Mar 05 2013
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Sukuk goes to Shura
Egypt could see its first sukuk bonds put on the market later this year, writes Nesma Nowar
In a press conference on Sunday, Minister of Finance Al-Morsi Hegazi sought to assuage public concerns that the new law could open the door to selling public assets. Hegazi stressed that Article 3 of the new law prohibits the selling or mortgaging of state propriety, instead allowing the "utilisation" of such assets.
In addition, Article 5 of the law bans the issuing of sukuk bonds backed by public assets such as the River Nile, the Suez Canal, the Pyramids and others. Hegazi said that sukuk bonds were a financial instrument that could be used to finance certain projects but would not be substituted for other instruments.
He cited an example of how sukuk bonds could work under the new law. If EgyptAir, the country's national carrier, wanted to buy additional aircraft, for example, this could be financed through issuing sukuk bonds without involving any of the company's other assets.
"Sukuk bonds will allow investors to participate in buying the aircraft and having a share in the profits until the sukuk bond's duration ends," Hegazi said. "Afterwards, ownership is transferred to EgyptAir."
He said that issuing the bonds on the Egyptian market aimed at encouraging investment that would in turn create jobs and help alleviate unemployment. He added that investment growth would need to reach 30 to 35 per cent of GDP in order for the country to solve its unemployment and other fiscal challenges.
Sukuk bonds aimed at increasing production and export activities that would ramp up foreign currency revenues, Hegazi said. This type of Islamic bonds would spare the government the burden of borrowing at soaring interest rates of up to 16 per cent, adding to the country's debt bill, he added.
Hegazi noted that sukuk bonds would be used primarily for financing infrastructure projects such as roads, power stations, and petroleum storage plants. They would also be used to finance grain storage facilities, as large amounts of grain are currently lost due to inappropriate storage.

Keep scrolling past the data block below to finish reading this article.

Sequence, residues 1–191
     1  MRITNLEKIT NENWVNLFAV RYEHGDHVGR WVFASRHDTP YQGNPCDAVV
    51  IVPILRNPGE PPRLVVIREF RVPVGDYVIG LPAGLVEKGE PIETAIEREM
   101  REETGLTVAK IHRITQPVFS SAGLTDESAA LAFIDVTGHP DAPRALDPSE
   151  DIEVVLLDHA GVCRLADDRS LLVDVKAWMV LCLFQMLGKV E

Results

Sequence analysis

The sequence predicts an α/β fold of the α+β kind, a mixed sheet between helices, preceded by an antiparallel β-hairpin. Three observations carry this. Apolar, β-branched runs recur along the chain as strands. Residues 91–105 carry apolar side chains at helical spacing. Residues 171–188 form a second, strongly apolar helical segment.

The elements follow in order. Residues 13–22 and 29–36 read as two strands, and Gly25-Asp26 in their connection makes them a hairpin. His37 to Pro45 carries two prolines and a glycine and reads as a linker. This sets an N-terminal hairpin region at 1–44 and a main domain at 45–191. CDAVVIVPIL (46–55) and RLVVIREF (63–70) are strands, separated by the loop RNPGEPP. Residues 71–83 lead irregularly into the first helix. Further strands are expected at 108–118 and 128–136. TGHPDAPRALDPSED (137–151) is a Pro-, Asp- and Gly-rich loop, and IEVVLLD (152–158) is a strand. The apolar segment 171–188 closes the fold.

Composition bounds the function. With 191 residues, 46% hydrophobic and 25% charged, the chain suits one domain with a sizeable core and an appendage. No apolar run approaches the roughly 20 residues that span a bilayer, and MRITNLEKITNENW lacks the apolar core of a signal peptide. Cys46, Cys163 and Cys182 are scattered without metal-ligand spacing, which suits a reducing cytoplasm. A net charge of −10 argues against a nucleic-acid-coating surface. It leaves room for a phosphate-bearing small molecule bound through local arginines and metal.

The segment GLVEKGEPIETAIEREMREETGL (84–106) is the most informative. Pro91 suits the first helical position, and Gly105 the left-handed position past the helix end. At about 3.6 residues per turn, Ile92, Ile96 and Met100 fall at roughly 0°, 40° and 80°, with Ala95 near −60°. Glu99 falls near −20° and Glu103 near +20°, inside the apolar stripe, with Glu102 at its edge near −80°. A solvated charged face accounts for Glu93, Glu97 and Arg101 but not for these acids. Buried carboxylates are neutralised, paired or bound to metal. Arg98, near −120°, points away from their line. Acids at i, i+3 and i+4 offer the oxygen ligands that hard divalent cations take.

The minister was hopeful that the country would see the first sukuk issuance in July, with the government hoping that yields would range from $10 to $15 billion a year.
The Shura Council's economic committee started its discussion of the government's sukuk law on Monday, and it has also been studying another bill on the same subject proposed from within the committee.
"There is a slight difference between the two bills, perhaps in the order of 10 per cent of the articles," the finance minister's advisor on sukuk matters, Ahmed Al-Naggar, told Al-Ahram Weekly.
Al-Naggar added that the new law covered all types of sukuk, including sovereign sukuk, issued by the government, and corporate sukuk offered by private companies and banks.
The law has stirred a lot of controversy over recent months. In December, the government prepared a law on sovereign sukuk bonds that was rejected by the Islamic Research Academy of Al-Azhar in January on the grounds that it violated Sharia law and posed a threat to state sovereignty.
The law was referred back to the Ministry of Finance to amend the controversial articles.
However, according to Walid Hegazi, secretary-general of the Egyptian Islamic Finance Association, the controversy was due to a lack of knowledge about Islamic finance in Egypt, which was being introduced for the first time.
He told the Weekly that Islamic bonds were financing tools that were more flexible in securing funds without increasing the borrowing burden than regular bonds.
Hegazi said that some parties were exaggerating the role sukuk could play, but he said the bonds could benefit the Egyptian economy if the economic climate improved to attract investors.
Sukuk bonds were in demand worldwide, he said, with many investors wanting to have Islamic bonds in their portfolios.
Egypt's mufti, Ali Gomaa, has also said that sukuk bonds could be a solution to the country's ailing economy on condition that it they are introduced in an appropriate way.
According to Abdallah Shehata, advisor to the minister of finance for economic affairs, the country's budget deficit reached 10.8 per cent of GDP in 2011/12 and 90 per cent of this was financed by issuing treasury bills and bonds that in turn absorbed huge amounts of liquidity.
Directing banking sector liquidity to treasury bills instead of productive projects wasted opportunities for development, he said. "The solution is to offer alternative financial tools and trim the budget deficit so as not to borrow from the local market," Shehata said during a press conference.
He added that sukuk bonds could attract the savings of Egyptians who do not deal with banks. "Offering sukuk bonds could attract this money, which could be used to finance various projects," Shehata said.
According to Reuters, the global demand for sukuk bonds will increase from $140 billion in 2012 to some $420 billion by 2016. Among the countries that are expected to issue sukuk bonds soon, Reuters said that Egypt could be the largest market.
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